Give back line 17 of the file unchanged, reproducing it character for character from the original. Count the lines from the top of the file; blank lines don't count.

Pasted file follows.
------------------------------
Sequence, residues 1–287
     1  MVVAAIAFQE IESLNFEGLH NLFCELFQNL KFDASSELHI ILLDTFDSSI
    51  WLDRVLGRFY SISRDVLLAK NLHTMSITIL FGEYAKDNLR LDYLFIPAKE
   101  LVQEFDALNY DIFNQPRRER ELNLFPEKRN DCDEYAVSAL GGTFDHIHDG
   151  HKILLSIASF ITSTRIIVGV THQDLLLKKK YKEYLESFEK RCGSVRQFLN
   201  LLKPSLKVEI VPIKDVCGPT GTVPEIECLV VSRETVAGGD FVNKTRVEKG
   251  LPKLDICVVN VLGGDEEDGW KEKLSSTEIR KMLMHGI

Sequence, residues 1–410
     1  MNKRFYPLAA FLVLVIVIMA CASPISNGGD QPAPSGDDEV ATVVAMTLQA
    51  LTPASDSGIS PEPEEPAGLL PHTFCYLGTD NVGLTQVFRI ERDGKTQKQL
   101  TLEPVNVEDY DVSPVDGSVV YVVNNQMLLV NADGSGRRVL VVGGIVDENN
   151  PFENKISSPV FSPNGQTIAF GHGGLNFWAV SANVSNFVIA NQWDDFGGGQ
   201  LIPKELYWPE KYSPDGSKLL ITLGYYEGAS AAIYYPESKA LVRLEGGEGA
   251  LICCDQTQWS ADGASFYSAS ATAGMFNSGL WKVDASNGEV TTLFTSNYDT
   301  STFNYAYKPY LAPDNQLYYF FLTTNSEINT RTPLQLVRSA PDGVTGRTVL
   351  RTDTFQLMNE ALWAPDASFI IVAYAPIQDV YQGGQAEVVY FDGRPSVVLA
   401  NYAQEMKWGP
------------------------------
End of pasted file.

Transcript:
   401  NYAQEMKWGP